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High-voltage electricity, the lifeblood of our civilization. Within just a few decades, the form of energy that's probably the most volatile of all has become indispensable to our daily life. It required and requires a lot of logistic energy (if such a thing exists ;) to supply stable, reliable power to the consumers, since you can't really store electricity in its native form - and no, batteries don't count, that's chemical energy, similar to the corn field near the camera, which is a convenient way to store solar energy as food for the cattle during the winter months.
Note the top wire which was NOT highlited. This is because it's a glass fibre for data communications, and since it's coated in metal, it doubles as a lightning rod (of sorts). During the month of September, these lines were updated around the district - which explains the makeshift wood construction that kept the cables from falling on the ground if anything went wrong.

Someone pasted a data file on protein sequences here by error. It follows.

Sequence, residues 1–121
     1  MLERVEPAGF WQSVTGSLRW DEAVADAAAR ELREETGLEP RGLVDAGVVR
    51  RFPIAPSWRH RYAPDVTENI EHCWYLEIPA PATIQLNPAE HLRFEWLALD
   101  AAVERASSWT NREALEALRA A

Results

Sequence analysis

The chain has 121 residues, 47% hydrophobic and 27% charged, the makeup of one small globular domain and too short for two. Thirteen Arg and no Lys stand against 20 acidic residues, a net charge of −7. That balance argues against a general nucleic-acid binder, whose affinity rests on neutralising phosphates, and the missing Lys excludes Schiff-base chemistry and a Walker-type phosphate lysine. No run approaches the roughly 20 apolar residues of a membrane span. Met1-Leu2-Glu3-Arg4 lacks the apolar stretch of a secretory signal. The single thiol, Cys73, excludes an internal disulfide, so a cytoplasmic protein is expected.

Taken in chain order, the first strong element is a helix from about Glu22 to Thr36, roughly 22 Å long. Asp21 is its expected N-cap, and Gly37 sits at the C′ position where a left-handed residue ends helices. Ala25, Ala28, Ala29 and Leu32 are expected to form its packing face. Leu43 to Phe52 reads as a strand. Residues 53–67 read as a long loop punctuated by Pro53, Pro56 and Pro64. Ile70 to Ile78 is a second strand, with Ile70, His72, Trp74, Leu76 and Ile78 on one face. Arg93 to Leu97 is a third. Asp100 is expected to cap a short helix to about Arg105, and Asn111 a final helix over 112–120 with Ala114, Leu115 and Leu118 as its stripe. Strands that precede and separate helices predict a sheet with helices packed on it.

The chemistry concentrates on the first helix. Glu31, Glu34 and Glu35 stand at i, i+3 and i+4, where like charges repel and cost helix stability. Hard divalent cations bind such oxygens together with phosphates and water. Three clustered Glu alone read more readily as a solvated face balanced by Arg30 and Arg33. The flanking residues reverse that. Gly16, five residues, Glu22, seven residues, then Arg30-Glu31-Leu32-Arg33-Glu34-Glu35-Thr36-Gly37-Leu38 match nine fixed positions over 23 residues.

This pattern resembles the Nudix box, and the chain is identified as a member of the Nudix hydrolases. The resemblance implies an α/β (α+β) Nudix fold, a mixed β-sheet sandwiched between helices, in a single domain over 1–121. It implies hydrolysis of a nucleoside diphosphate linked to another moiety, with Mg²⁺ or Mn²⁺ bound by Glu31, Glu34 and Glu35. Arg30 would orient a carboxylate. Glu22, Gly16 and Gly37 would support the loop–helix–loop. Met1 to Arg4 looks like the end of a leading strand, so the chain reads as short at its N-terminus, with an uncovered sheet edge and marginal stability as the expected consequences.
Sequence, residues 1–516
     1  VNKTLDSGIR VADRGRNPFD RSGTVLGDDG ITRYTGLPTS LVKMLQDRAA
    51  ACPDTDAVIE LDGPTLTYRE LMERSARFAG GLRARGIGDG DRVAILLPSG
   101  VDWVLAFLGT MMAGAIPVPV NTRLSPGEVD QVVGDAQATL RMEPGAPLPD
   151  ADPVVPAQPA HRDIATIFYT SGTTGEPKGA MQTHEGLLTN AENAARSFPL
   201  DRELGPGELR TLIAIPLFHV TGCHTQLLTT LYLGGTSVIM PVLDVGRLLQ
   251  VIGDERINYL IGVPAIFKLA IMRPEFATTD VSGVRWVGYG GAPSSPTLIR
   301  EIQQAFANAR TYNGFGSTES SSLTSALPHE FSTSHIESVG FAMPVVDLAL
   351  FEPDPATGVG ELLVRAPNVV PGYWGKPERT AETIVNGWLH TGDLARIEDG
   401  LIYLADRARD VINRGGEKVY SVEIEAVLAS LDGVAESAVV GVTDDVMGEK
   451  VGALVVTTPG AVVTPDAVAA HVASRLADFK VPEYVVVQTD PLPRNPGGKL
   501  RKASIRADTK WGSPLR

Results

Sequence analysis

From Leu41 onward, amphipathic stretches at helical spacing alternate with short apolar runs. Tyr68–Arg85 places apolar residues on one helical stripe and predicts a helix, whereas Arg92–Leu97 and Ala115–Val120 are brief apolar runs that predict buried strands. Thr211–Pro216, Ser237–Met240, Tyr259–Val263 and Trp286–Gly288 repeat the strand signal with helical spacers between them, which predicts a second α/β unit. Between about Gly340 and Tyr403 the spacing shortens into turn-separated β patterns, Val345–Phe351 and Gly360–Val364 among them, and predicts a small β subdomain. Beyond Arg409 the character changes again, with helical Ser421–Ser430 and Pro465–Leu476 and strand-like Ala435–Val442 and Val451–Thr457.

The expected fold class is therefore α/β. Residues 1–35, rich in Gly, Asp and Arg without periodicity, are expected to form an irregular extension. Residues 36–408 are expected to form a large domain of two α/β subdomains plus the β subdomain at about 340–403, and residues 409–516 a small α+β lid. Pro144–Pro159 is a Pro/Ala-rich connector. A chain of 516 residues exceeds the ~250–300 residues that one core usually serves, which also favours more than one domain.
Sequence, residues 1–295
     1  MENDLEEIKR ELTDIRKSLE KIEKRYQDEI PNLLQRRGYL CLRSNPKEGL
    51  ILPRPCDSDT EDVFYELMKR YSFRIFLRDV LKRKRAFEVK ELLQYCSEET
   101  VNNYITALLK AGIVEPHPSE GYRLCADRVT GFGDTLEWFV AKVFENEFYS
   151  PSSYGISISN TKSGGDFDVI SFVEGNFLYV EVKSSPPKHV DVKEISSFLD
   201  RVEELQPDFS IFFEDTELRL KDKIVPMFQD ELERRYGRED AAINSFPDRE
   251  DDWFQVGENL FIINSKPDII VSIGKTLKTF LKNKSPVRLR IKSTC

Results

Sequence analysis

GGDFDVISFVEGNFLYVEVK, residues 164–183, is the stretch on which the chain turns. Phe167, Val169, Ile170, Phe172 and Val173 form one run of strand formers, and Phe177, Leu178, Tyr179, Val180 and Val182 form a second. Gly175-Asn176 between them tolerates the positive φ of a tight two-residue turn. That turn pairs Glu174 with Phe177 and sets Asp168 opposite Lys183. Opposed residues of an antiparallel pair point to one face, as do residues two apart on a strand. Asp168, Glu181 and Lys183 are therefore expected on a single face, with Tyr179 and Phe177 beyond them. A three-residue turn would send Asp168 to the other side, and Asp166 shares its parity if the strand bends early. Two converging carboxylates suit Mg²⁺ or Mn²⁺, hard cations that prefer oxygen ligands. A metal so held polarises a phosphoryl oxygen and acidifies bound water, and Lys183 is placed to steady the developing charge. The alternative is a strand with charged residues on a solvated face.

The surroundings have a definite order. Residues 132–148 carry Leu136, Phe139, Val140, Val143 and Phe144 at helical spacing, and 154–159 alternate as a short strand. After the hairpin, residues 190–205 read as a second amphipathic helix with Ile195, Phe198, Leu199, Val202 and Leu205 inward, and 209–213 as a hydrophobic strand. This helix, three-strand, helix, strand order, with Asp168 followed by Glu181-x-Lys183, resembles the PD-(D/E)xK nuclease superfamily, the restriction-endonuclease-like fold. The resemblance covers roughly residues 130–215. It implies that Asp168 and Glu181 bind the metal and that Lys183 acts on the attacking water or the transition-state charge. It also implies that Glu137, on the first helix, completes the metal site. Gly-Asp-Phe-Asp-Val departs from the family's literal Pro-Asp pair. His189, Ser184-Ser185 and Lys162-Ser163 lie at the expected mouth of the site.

High voltage aerial cables are still the most popular way of distributing electricity. Some engineers claim (ever since the 1960's) that laying the cables underground, coating them in polyurethane, would be favourable for the scenery, reduce the line loss caused by the air capacity between the wires and reduce ozone production (380 kV are capable of ionizing the air, attracting pollution particles and increasing the chemical fallout along the lee side of the wires - think "laser printer on steroids"). However, pylons and cables are cheaper in the short run, so we're going to see those for quite some time around...